Lawsuits ramp up pressure on U.S. family that owns opioid company

The company’s flagship drug, OxyContin, was the first drug that used a narcotic in a time-release form

The legal pressure on the prominent family behind the company that makes OxyContin, the prescription painkiller that helped fuel the nation’s opioid epidemic, is likely to get more intense.

The Sackler family came under heavy scrutiny this week when a legal filing in a Massachusetts case gave detailed allegations that they and company executives sought to push prescriptions of the drug and downplay its risks. Those revelations are likely to be a preview of the claims in a series of expanding legal challenges.

Members of the family that controls Connecticut-based Purdue Pharma already are defendants in a lawsuit brought by New York’s Suffolk County.

Paul Hanly, a lawyer representing the county, said he expects to add the Sacklers to other opioid suits filed across the country. He explained last year that he was targeting the family, known for its donations to some of the world’s great museums and universities, in part because they took “tens of billions” of dollars out of Purdue.

Looming as potentially the biggest legal and financial risk for the family is a massive consolidated federal case playing out in Ohio.

More than 1,000 government entities have sued Purdue, along with other drugmakers and distributors, claiming they are partly culpable for a drug overdose crisis that resulted in a record 72,000 deaths in 2017. The majority of those deaths were from legal or illicit opioids.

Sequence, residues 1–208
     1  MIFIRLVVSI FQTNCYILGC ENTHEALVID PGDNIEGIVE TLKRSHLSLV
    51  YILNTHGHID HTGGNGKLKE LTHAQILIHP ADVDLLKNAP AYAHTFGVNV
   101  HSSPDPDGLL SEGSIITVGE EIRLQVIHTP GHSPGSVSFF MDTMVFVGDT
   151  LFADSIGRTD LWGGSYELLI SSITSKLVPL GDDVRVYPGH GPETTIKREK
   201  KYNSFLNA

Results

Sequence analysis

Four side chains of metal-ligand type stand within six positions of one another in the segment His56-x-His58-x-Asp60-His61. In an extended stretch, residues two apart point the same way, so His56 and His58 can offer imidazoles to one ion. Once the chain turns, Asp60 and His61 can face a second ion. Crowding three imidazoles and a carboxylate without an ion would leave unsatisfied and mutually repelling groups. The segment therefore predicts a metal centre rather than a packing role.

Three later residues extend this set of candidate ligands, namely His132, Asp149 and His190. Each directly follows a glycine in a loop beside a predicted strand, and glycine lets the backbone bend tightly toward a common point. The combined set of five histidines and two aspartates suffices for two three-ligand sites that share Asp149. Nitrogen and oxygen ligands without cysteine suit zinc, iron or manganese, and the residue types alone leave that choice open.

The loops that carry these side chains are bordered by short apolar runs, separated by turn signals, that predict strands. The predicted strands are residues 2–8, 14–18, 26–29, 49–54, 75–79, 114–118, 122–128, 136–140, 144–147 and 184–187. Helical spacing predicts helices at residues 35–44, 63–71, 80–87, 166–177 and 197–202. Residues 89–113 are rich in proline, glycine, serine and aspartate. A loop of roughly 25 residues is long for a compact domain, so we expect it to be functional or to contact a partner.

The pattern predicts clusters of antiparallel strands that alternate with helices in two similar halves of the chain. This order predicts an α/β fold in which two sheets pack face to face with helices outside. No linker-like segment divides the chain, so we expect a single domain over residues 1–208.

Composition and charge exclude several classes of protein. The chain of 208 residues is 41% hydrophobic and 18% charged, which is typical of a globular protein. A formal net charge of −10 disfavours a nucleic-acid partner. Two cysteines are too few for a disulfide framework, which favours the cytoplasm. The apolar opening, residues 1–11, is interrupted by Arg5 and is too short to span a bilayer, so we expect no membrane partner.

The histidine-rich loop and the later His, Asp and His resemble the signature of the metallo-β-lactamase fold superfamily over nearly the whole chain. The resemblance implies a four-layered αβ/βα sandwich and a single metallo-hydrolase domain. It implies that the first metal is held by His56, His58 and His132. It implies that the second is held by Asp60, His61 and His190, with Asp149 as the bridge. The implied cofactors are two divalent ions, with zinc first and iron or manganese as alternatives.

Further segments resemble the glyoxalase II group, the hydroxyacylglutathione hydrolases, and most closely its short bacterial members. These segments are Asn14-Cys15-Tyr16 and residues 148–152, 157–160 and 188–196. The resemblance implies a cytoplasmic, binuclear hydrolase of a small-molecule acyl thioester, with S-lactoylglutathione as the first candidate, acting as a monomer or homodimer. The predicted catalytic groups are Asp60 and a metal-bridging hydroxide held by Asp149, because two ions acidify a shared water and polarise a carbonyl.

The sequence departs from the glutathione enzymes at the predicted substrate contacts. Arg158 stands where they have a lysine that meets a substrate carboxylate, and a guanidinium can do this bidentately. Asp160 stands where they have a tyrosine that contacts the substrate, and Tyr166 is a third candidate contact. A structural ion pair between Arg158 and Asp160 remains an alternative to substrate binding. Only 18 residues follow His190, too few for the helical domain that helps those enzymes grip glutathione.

The company documents at the heart of the Massachusetts claims also could be evidence in the Ohio lawsuits, which are being overseen by a federal judge. The allegations ramp up pressure on the industry — and perhaps the Sacklers — to reach a settlement, said Paul Nolette, a political science professor at Marquette University who studies the role of state attorneys general.

READ MORE: B.C. opioid crisis to get same world-renowned treatment approach as HIV/AIDS

READ MORE: Health minister announces $72M in emergency funding for B.C.’s opioid crisis

Having Sackler family members named as defendants in Massachusetts “indicates that the government attorneys believe they have the ‘smoking guns’ necessary to broaden the potential liability of those at the top of the organization,” he said in an email.

The allegations could tarnish a name that is best known for its generosity to museums worldwide including New York’s Metropolitan Museum of Art, which has a Sackler wing, and London’s Tate Modern. The Sackler name also is on a gallery at the Smithsonian, a wing of galleries at London’s Royal Academy of Arts and a museum at Beijing’s Peking University. The family’s best known and most generous donor, Arthur M. Sackler, died nearly a decade before OxyContin was released.

The Cleveland-based judge, Dan Polster, has been pushing for a settlement since he took over the federal cases a year ago, arguing that the parties involved should find ways to end this man-made crisis, rather than hold years of trials. A court order prohibits participants from discussing most aspects of settlement talks publicly.

In its lawsuit filed last year, the Massachusetts attorney general’s office went after members of the Sackler family and Purdue, which is structured as a partnership and is not publicly traded.

The company’s flagship drug, OxyContin, was the first of a generation of drugs that used a narcotic painkiller in a time-release form. That meant each pill had a larger amount of drug in it than other versions and could get abusers a more intense high if they defeated the time-release process.